Philadelphia Pension Board Now Asking Investment Firms To Disclose Political Spending

Philadelphia scenery

For the first time, investment firms will be asked to submit campaign disclosure documents before managing money for the Philadelphia Board of Pensions.

Reported by PhillyDeals:

Over the opposition of Mayor Michael Nutter’s appointees, a majority of the trustees of Philadelphia’s $4.8 billion city pension plan have agreed to “request” dozens of private firms that are paid to manage city money — from giants like KKR and Barclays to local investors like Ted Aronson’s AJO Partners — to “disclose their political spending,” and will send current and future managers campaign finance disclosure requests, starting Jan. 1.

The move was cheered by city controller Alan Butkovitz, who had recommended this disclosure, noting the city has previously urged similar disclosures by the publicly-traded companies it invests in. “We will be asking for all donations from everybody,” including federal and state as well as city contributions, Butkovitz told me in a statement.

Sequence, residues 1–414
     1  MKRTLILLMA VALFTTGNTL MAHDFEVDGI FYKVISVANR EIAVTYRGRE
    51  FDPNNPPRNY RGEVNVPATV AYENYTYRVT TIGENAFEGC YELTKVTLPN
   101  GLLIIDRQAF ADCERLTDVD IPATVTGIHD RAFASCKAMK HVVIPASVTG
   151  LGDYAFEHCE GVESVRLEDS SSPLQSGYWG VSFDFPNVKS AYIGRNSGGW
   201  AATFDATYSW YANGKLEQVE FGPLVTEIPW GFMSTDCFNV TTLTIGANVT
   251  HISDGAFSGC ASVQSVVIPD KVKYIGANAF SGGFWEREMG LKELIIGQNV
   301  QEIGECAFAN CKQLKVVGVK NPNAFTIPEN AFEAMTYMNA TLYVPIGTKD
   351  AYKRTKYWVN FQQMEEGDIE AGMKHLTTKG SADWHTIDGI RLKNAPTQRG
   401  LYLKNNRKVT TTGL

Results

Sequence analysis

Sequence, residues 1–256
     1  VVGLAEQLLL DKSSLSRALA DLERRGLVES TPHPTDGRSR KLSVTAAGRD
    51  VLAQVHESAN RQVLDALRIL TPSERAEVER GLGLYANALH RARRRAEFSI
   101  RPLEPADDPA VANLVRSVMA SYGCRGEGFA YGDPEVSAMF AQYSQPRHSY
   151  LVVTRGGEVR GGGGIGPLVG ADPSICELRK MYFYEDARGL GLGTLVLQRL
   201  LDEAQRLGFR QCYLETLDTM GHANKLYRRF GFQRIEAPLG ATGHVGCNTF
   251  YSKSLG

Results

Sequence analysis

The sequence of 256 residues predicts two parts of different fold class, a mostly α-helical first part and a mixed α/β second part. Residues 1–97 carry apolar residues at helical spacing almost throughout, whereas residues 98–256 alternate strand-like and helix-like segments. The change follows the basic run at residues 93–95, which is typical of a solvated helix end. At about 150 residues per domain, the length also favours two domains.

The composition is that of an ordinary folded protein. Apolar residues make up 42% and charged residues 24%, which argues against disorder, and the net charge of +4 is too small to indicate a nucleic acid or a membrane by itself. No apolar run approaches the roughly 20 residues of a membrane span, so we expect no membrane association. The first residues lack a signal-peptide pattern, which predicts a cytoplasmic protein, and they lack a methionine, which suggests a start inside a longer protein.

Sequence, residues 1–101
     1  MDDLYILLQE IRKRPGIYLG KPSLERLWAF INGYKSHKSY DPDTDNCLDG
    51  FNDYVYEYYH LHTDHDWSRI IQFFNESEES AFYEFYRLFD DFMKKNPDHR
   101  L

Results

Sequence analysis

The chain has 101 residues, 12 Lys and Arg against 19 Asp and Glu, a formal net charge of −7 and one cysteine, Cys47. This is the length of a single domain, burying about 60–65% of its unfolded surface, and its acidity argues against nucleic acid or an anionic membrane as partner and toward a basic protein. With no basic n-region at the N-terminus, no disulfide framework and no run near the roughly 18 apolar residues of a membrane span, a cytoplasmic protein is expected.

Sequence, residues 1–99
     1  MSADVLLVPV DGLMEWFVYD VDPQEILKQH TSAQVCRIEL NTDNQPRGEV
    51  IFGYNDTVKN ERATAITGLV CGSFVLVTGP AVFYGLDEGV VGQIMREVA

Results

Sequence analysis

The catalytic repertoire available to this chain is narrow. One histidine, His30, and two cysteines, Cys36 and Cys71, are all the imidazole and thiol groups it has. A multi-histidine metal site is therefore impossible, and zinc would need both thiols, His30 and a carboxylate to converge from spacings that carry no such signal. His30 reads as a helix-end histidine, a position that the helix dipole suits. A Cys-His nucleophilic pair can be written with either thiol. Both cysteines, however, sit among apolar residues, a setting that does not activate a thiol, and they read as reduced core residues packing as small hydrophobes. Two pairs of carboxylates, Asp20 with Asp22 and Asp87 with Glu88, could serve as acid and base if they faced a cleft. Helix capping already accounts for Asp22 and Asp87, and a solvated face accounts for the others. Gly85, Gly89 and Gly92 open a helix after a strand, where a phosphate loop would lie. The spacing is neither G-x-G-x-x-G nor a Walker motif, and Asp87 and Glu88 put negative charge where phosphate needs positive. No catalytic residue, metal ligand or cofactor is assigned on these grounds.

The four trustees representing city police, fire, white-collar and blue-collar workers joined Butkovitz in supporting the disclosure request, outvoting Nutter’s vote-no faction.The move follows the Securities and Exchange Commission’s first-time-ever order that a private money manager, Wayne-based TL Ventures, return $300,000 in state and city pension fees after founder Robert Keith gave cash gifts to Pa. Gov. Tom Corbett and Philadelphia Mayor Michael Nutter while getting paid to manage state and city pension funds, in violation of a 2010 federal law limiting contributions to officials with influence over pension boards.

Investment firms won’t be forced to disclose their spending – but they will be “urged” to by trustees.

The resolution can be read here.